In his email, Mr. Sartorius said that the EEEA can now work with LIPA and Verizon to install the lechis on utility poles in Quogue.

The lechis in Quogue will be colored to match the utility poles, according to the settlement papers submitted Tuesday to Judge Kathleen Tomlinson in Central Islip by Robert Sugarman, another pro bono attorney for the EEEA. The agreement also notes that the village cannot adopt a resolution that prohibits the lechis, and that their installation and maintenance will be the paid for by the EEEA.

Although an official map has not yet been made, Mr. Buchweitz said the eruv will be similar to the plans first shared in early 2012. They included a map with 48 lechis affixed to utility poles along Montauk Highway, between Old Main Road and Jessup Avenue, as well as along Scrub, Old Depot and Old Country roads. That version notes that the proposed boundary would also be marked by certain natural landmarks and connected with overhead power lines.

Litigation is still ongoing with Westhampton Beach Village, Mr. Buchweitz said, adding that there have been no advancements in that case since the middle of 2015.

Marc Schneier, the founding rabbi of the Hampton Synagogue and who first proposed the eruv in 2008, described the settlement as “fantastic,” noting that his parishioners have been waiting eight years for its creation.

“People are very excited, particularly families that reside in Quogue, east of Westhampton Beach,” Rabbi Schneier said. “It’s a very meaningful and significant development for our Jewish community.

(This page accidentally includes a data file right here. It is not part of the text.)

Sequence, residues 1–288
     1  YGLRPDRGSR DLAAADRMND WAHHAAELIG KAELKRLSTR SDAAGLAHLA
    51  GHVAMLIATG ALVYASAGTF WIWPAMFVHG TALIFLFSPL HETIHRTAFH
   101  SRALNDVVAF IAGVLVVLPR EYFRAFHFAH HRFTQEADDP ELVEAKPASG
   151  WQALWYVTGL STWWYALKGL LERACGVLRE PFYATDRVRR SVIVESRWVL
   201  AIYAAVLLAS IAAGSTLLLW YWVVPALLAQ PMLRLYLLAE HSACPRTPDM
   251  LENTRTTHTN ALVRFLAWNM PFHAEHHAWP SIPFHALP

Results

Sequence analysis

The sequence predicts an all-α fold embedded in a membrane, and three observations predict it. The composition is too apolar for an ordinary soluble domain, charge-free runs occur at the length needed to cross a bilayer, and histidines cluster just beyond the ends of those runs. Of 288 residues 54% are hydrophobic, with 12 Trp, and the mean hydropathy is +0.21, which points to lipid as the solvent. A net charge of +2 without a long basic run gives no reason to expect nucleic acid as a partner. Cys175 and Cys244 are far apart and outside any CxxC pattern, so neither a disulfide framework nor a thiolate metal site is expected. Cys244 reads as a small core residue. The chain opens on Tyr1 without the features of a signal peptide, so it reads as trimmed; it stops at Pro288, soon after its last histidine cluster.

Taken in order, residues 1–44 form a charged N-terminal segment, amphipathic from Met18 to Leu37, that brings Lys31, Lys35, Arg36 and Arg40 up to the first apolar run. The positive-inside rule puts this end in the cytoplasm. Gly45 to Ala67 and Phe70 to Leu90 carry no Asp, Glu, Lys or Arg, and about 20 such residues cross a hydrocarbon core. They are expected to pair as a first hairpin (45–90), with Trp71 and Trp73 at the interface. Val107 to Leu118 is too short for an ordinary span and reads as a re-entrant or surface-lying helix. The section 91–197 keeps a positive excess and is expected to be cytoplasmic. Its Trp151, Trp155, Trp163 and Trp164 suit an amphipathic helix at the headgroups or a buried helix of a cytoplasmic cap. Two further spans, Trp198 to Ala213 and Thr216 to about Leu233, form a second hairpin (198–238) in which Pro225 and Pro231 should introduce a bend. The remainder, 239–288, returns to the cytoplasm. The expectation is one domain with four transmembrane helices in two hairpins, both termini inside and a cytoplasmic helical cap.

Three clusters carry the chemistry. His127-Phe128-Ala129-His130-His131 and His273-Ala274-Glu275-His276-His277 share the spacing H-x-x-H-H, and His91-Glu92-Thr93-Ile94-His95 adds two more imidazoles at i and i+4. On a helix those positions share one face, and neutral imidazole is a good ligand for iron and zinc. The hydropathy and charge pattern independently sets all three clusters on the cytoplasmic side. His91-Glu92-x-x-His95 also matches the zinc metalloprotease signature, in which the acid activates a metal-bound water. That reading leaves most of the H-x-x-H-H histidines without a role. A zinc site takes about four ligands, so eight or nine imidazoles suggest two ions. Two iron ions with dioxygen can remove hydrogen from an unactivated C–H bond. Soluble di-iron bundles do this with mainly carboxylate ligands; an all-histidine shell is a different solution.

“I’m just grateful to God, and to our many friends and supporters, and we thank the community for helping us to pass this,” he added.

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This comment has been removed because it is a duplicate, off-topic or contains inappropriate content.
By mqhbny, Hampton Bays on Mar 8, 16 3:07 PM
When religion loses the favor of the people, it becomes mythology.
By Mr. Z (10410), North Sea on Mar 9, 16 7:27 AM
This comment has been removed because it is a duplicate, off-topic or contains inappropriate content.
By 1eastquogueinusa (34), East Quogue on Mar 9, 16 9:05 AM
What an utter scam - sue the villages and then selfishly have your way by not forcing them to pay your legal fees. What about the people who want to use this space this way providing themselves with their own map and leave it at that. Can't they read a map? Who pays for the demarcations of their designated space? They themselves or the villages? What happens if there is an accident within their designated space by a person unaware of the demarcation - who is not of their religion - and furthermore ...more
By Vikki K (487), Southampton on Mar 10, 16 1:11 PM
Oh, Vikki K, I think you are commenting on the wrong article
By adlkjd923ilifmac.aladfksdurwp (554), southampton on Mar 11, 16 7:33 AM
Hampton Bays Rotary, Autumn Evening by the Sea, Joyce Oakland, Oaklands Restaurant